Yellow-colored glass, containing more than 1% uranium oxide and dating back to 79 A.D., has been found near Naples, Italy. Klaproth recognized an unknown element in pitchblende and attempted to isolate the metal in 1789. The metal apparently was first isolated in 1841 by Peligot, who reduced the anhydrous chloride with potassium. Uranium is not as rare as it was once thought. It is now considered to be more plentiful than mercury, antimony, silver, or cadmium, and is about as abundant as molybdenum or arsenic. It occurs in numerous minerals such as pitchblende, uraninite, carnotite, autunite, uranophane, davidite, and tobernite. It is also found in phosphate rock, lignite, monazite sands, and can be recovered commercially from these sources. Large deposits of uranium ore occur in Utah, Colorado, New Mexico, Canada, and elsewhere. Uranium can be made by reducing uranium halides with alkali or alkaline earth metals or by reducing uranium oxides by calcium, aluminum, or carbon at high temperatures. The metal can also be produced by electrolysis of KUF5 or UF4, dissolved in a molten mixture of CaCl2 and NaCl. High-purity uranium can be prepared by the thermal decomposition of uranium halides on a hot filament. Uranium exhibits three crystallographic modifications as follows: α--688℃--→β--776℃--→γ Uranium is a heavy, silvery-white metal that is pyrophoric when finely divided. It is a little softer than steel, and is attacked by cold water in a finely divided state. It is malleable, ductile, and slightly paramagnetic. In air, the metal becomes coated with a layer of oxide. Acids dissolve the metal, but it is unaffected by alkalis. Uranium has twenty-three isotopes, one of which is an isomer and all of which are radioactive. Naturally occurring uranium contains 99.2745% by weight 238U, 0.720% 235U, and 0.0055% 234U. Studies show that the percentage weight of 235U in natural uranium varies by as much as 0.1%, depending on the source. The U.S.D.O.E. has adopted the value of 0.711 as being their “official” percentage of 235U in natural uranium. Natural uranium is sufficiently radioactive to expose a photographic plate in an hour or so. Much of the internal heat of the Earth is thought to be attributable to the presence of uranium and thorium. 238U, with a half-life of 4.46 × 109 years, has been used to estimate the age of igneous rocks. The origin of uranium, the highest member of the naturally occurring elements — except perhaps for traces of neptunium or plutonium — is not clearly understood, although it has been thought that uranium might be a decay product of elements of higher atomic weight, which may have once been present on Earth or elsewhere in the universe. These original elements may have been formed as a result of a primordial “creation,” known as “the big bang,” in a supernova, or in some other stellar processes. The fact that recent studies show that most trans-uranic elements are extremely rare with very short half-lives indicates that it may be necessary to find some alternative explanation for the very large quantities of radioactive uranium we find on Earth. Studies of meteorites from other parts of the solar system show a relatively low radioactive content, compared to terrestrial rocks. Uranium is of great importance as a nuclear fuel. U can be converted into fissionable plutonium by the following reactions: 238U(n,γ)→239U--β--→239Np--β--→239Pu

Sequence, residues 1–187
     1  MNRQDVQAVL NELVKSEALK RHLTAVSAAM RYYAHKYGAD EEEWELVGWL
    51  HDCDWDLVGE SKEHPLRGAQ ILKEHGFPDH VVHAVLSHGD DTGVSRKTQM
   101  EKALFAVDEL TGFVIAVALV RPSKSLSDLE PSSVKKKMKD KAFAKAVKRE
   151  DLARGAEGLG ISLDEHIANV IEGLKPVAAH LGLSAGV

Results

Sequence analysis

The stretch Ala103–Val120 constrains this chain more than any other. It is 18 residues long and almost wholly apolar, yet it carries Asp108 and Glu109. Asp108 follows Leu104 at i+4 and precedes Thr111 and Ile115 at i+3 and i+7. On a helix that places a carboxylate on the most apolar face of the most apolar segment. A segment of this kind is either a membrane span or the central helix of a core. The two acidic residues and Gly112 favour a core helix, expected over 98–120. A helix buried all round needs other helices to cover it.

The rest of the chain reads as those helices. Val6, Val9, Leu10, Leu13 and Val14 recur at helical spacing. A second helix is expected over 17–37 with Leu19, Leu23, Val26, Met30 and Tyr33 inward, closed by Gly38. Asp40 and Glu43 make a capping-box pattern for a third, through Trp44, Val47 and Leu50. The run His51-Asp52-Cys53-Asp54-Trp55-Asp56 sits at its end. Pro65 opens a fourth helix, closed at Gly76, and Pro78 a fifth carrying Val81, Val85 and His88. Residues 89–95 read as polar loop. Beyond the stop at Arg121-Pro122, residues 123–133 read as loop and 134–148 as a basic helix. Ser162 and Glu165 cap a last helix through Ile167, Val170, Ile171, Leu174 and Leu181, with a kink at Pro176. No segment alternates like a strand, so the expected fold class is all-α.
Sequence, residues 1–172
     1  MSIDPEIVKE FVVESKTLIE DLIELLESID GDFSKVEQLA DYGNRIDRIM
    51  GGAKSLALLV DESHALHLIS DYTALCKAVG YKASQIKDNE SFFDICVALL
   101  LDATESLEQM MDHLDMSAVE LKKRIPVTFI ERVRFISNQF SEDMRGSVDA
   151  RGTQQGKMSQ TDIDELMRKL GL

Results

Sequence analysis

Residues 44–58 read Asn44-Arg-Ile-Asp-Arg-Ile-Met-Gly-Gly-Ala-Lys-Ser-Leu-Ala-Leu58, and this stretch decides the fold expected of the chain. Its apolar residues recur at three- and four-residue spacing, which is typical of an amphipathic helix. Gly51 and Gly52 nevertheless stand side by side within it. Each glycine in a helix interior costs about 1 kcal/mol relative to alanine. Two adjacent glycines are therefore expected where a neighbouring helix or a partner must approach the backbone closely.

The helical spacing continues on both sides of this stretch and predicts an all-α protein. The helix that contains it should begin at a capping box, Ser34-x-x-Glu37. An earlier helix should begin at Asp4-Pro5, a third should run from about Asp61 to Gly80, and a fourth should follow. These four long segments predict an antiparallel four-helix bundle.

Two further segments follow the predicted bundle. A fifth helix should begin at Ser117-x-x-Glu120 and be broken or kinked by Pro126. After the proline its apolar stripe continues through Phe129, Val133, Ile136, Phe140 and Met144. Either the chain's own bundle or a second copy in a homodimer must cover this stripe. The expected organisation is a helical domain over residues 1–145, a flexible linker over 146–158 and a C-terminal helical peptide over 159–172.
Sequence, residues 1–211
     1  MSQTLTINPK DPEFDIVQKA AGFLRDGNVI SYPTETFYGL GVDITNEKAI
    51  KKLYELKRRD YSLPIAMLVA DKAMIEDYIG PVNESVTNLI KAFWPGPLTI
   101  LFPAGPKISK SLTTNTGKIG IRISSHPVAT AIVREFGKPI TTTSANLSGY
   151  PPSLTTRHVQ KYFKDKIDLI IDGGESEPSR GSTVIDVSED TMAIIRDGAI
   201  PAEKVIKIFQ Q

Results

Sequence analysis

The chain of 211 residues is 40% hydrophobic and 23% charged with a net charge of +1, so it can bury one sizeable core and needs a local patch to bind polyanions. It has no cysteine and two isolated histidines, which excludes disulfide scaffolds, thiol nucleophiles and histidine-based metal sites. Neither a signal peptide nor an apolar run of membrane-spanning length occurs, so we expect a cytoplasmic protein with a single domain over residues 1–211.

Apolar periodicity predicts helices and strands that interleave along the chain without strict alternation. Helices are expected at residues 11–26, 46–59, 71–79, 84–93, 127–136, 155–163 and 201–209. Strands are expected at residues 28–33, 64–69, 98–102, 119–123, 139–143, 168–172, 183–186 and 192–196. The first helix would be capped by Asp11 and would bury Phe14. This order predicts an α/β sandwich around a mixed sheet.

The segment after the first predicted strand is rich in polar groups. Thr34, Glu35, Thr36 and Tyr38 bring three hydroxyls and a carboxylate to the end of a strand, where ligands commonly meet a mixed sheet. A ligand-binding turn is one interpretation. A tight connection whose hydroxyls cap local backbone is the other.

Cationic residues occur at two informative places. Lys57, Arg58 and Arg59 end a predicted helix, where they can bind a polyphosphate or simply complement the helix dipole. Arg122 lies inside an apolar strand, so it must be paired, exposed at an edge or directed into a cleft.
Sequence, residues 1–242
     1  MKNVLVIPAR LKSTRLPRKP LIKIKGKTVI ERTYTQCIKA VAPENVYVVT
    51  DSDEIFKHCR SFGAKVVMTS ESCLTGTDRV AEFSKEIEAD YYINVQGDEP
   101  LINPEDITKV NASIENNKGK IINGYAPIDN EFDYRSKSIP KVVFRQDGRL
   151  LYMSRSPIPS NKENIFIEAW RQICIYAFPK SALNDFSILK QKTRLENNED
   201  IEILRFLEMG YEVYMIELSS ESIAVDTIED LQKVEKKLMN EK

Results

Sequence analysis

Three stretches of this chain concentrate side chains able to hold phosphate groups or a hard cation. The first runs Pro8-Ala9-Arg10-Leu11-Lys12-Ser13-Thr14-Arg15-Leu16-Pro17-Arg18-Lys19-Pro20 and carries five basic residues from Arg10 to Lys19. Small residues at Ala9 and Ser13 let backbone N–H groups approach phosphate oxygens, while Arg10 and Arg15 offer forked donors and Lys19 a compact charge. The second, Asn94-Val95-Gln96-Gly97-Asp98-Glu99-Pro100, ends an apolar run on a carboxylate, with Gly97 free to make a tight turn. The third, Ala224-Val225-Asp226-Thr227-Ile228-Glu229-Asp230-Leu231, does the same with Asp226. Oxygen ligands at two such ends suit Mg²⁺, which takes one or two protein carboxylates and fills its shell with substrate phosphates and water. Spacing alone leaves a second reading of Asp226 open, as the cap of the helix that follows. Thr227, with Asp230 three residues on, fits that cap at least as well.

This nuclear conversion can be brought about in “breeder” reactors where it is possible to produce more new fissionable material than the fissionable material used in maintaining the chain reaction. 235U is of even greater importance, for it is the key to the utilization of uranium. 235U, while occurring in natural uranium to the extent of only 0.72%, is so fissionable with slow neutrons that a self-sustaining fission chain reaction can be made to occur in a reactor constructed from natural uranium and a suitable moderator, such as heavy water or graphite, alone. 235U can be concentrated by gaseous diffusion and other physical processes, if desired, and used directly as a nuclear fuel, instead of natural uranium, or used as an explosive. Natural uranium, slightly enriched with 235U by a small percentage, is used to fuel nuclear power reactors for the generation of electricity. Natural thorium can be irradiated with neutrons as follows to produce the important isotope 233U. 232Th(n,γ)→233Th--β--→233Pa--β--→233U While thorium itself is not fissionable, 233U is, and in this way may be used as a nuclear fuel. One pound of completely fissioned uranium has the fuel value of over 1500 tons of coal. The uses of nuclear fuels to generate electrical power, to make isotopes for peaceful purposes, and to make explosives are well known. The estimated world-wide production of the 437 nuclear power reactors in operation in 1998 amounted to about 352,000 megawatt hours. In 1998 the U.S. had about 107 commercial reactors with an output of about 100,000 megawatt-hours. Some nuclear-powered electric generating plants have recently been closed because of safety concerns. There are also serious problems with nuclear waste disposal that have not been completely resolved. Uranium in the U.S. is controlled by the U.S. Nuclear Regulatory Commission, under the Department of Energy. Uses are being found for the large quantities of “depleted” uranium now available, where uranium-235 has been lowered to about 0.2%. Depleted uranium has been used for inertial guidance devices, gyrocompasses, counterweights for aircraft control surfaces, ballast for missile reentry vehicles, and as a shielding material for tanks, etc. Concerns, however, have been raised over its low radioactive properties. Uranium metal is used for X-ray targets for production of high-energy X-rays. The nitrate has been used as photographic toner, and the acetate is used in analytical chemistry. Crystals of uranium nitrate are triboluminescent. Uranium salts have also been used for producing yellow “vase-line” glass and glazes. Uranium and its compounds are highly toxic, both from a chemical and radiological standpoint. Finely divided uranium metal, being pyrophoric, presents a fire hazard. The maximum permissible total body burden of natural uranium (based on radiotoxicity) is 0.2 μCi for soluble compounds. Recently, the natural presence of uranium and thorium in many soils has become of concern to homeowners because of the generation of radon and its daughters (see under Radon). Uranium metal is available commercially at a cost of about $6/g (99.7%) in air-tight glass under argon.